In their recent blog post Twitter announced that they were recently a victim of a hacking incident. An unusual pattern was detected which led them to identifying unauthorized access to user data.
“This attack was not the work of amateurs, and we do not believe it was an isolated incident. The attackers were extremely sophisticated, and we believe other companies and organizations have also been recently similarly attacked. ”
Apparently 250,000 user accounts were compromised wherein the attackers may have had access to limited user information, including encrypted version of account passwords and associated email addresses. Since the passwords were still salted/ encrypted, no real harm would be done immediately.
For each one of these compromised accounts, Twitter has reset the password and sent a new password recovery email to each account. If your account was one of the unfortunate one’s to get accessed, Twitter will have recently sent you an email requesting a reset, or will do soon.
Twitter suggests to maintain a 10-character password with varying characters, numbers, etc. and, interestingly, disabling JAVA in your browser.
While everyone is waiting patiently for AMD’s 8000 series and Nvidia’s revamped GTX 700 series to show up in the market somewhere around June this year, there’s a large gap left in the market for people who want a new bleeding edge graphics card.
The Nvidia Titan is one such card which was supposedly leaked last week on various forums around the net. Originally thought to be the new GTX 780, the Nvidia Titan is apparently a standalone card with no numerical value attached to its name. This single GPU card was though to have come close to the performance of Nvidia’s current flagship dual-GPU card, the GTX 690. However, according to Tom’s Hardware, the Titan actually outperforms the GTX 690 by healthy margin. Where a single GTX 690 posts around X6000 score in 3DMark 11, the new Titan GPU scores upwards of X7000.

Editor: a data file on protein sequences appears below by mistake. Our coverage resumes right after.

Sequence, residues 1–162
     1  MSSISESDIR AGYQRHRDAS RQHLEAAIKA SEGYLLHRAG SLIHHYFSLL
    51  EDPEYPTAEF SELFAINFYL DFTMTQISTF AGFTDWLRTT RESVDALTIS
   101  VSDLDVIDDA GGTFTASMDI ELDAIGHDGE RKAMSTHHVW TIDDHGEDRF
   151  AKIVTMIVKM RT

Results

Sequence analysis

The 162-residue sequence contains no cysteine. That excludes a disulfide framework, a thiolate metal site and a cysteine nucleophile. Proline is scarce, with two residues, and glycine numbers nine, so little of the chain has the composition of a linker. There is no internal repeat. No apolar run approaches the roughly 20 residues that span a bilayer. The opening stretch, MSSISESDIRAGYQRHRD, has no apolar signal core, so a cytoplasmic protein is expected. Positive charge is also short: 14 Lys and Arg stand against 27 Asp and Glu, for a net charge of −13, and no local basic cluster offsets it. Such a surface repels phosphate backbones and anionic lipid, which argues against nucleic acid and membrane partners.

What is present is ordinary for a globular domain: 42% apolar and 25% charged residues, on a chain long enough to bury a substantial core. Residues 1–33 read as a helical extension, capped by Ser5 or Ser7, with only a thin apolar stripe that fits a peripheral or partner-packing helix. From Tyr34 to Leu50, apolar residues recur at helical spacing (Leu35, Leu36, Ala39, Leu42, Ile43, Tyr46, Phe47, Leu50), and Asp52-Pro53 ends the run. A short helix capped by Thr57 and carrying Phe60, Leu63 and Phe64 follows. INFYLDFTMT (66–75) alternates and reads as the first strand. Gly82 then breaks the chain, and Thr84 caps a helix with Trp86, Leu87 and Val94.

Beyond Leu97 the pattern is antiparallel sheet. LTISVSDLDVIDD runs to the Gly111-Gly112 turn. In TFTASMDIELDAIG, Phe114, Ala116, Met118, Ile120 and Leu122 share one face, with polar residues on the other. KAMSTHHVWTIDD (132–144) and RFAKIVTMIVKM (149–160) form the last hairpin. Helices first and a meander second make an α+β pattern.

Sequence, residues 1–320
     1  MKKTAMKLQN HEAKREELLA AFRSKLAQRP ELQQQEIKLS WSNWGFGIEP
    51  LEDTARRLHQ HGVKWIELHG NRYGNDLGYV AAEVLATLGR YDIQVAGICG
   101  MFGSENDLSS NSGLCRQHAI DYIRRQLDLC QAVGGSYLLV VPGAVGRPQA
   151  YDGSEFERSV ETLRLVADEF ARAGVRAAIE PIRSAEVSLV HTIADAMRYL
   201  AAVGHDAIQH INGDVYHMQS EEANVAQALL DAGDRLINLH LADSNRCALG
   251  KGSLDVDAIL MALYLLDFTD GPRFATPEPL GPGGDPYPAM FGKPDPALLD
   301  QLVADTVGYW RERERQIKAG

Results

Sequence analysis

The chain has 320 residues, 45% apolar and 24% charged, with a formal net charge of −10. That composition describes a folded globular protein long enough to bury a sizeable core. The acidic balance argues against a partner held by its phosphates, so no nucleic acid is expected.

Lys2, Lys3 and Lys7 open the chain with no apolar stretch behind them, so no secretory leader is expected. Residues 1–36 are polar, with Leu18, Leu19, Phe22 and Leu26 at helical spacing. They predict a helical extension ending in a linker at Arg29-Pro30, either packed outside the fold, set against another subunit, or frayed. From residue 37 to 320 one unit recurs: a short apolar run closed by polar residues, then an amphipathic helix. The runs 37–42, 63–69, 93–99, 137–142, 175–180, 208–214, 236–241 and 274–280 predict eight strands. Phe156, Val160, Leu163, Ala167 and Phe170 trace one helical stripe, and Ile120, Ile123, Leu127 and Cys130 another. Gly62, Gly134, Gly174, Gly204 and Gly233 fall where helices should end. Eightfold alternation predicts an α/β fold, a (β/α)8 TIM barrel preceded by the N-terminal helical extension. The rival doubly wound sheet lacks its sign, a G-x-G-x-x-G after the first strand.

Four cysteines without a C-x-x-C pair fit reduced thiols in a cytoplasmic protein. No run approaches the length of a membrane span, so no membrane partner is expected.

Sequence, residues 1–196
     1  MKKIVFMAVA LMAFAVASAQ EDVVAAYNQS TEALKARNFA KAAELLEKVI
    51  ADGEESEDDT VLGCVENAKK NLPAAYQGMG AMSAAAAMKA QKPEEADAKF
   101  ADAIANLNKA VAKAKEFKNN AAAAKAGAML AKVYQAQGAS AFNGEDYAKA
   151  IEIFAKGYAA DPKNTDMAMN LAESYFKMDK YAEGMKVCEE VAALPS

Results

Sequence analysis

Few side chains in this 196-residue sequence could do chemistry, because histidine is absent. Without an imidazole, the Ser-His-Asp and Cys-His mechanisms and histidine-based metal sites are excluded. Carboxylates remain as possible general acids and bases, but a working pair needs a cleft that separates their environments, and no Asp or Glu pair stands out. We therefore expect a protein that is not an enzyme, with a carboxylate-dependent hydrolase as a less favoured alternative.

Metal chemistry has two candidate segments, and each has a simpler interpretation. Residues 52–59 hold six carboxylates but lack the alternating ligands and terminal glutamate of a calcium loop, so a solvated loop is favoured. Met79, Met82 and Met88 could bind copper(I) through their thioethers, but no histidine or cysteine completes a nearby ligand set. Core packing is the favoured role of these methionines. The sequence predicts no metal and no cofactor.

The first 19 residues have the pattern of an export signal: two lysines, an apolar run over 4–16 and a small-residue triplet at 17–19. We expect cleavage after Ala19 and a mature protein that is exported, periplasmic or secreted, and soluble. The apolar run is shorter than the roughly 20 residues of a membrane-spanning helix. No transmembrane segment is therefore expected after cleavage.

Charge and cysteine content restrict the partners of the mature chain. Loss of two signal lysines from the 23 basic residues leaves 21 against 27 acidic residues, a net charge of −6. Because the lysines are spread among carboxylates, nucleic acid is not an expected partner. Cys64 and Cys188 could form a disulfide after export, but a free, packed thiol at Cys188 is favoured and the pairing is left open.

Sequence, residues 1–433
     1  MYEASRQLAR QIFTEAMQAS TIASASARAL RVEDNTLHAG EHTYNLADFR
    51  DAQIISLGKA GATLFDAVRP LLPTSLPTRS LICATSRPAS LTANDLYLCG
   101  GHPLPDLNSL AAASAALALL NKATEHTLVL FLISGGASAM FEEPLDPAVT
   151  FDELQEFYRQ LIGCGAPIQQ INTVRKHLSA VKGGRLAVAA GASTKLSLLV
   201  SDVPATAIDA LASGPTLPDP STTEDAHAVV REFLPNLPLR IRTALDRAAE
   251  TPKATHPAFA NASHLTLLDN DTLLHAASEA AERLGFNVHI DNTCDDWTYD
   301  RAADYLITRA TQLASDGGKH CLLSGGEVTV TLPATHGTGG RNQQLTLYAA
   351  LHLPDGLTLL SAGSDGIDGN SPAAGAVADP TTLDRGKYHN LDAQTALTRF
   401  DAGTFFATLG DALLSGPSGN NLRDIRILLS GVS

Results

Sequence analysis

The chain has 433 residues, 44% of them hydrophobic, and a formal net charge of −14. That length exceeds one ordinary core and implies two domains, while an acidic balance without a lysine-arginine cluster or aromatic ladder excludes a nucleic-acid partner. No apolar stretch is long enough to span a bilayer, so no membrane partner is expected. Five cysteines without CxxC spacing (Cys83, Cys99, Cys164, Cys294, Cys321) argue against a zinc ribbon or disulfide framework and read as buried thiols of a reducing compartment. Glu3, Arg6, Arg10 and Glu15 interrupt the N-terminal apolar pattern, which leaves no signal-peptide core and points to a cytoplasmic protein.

Rumored to be available for retail in a limited quantity for $899 (AED 3,600) the Nvidia Titan is supposedly out by the end of February and will be based on the GK110 architecture with 6GB RAM.
The Nissan Altima is one of the most popular cars from Nissan not only in our region, but worldwide as well. As cars in this segment normally are, competing with the likes of Toyota Camry and Honda Accord, it’s a mid-sized sedan bringing over Nissan’s personality of sharp design and focus on performance with award winning engines.
With the new Altima, Nissan seems to have asked their design team to take the existing Maxima, make it slightly smaller in size with more emphasis on curves. The result is a chunky looking saloon that looks like it’s trying too hard to please. Certainly an improvement over the previous generations rather bland looks, though.
It seems like as Toyota and Honda are going for sharp edges with aggressive angles, Nissan seems to be going the opposite direction with flowing lines and muscular outlooks.
Inside the new Altima is appropriately spacious with decent legroom for a car in this segment. Our tester came with beige leather seats and upholstery with silver plastic and wood grain trim.
On the center console the new Altima has had a much needed update thanks mainly to the 7-inch navigation system. The screen itself is crisp and very responsive, with one of the fastest Bluetooth connections to my iPhone 5 I’ve seen in any car recently. Paired with the Bose 9-speaker system, you have some really good audio pumping into the fairly quiet interior of the Altima.
The steering wheel has a full navigation buttons for the system display (Advanced Driver Assist Display) within the speedometer. Media controls along with cruise control are also thrown in for good measure. Driver assists such as blind spot warning and lane departure are clearly visible and easily adjustable on the Advanced Driver Assist Display.
The overall interior of the new Altima is very nice, at least in the range topping 3.5SL, brining it very close to its Infiniti cousins. The general quietness of the cabin, relatively spacious legroom and pleasantly designed panels and buttons make a powerful statement as to how far mid-sized Japanese family sedans have come.
Our Altima was equipped with Nissan’s legendary VQ35DE engine, so with 3.5-liters this V6 produces 270HP and 350Nm torque. The horsepower is reduced a little to keep the Altima 3.5SL from undercutting Nissan’s more expensive VQ35 equipped cars, such as the Maxima which makes 290HP.
As with the previous generation Altima, and most Nissan family friendly cars for that matter, the new Altima comes equipped with a CVT transmission. On the 3.5 SL we get the paddle shifts behind the steering wheel which emulates a 7-speed gearbox.
I must say that while I’m not a fan of CVT transmissions in general, the VQ35DE does a great job of porting the torque quite nicely through the RPM range. In particular city driving with traffic the CVT performs beautifully as the acceleration feels very controlled and smooth. If ever I wanted to drive a bit enthusiastically, simply putting the gear into Sports mode did the job adequately. Of course, the paddle shifts do add that feeling of gears changing.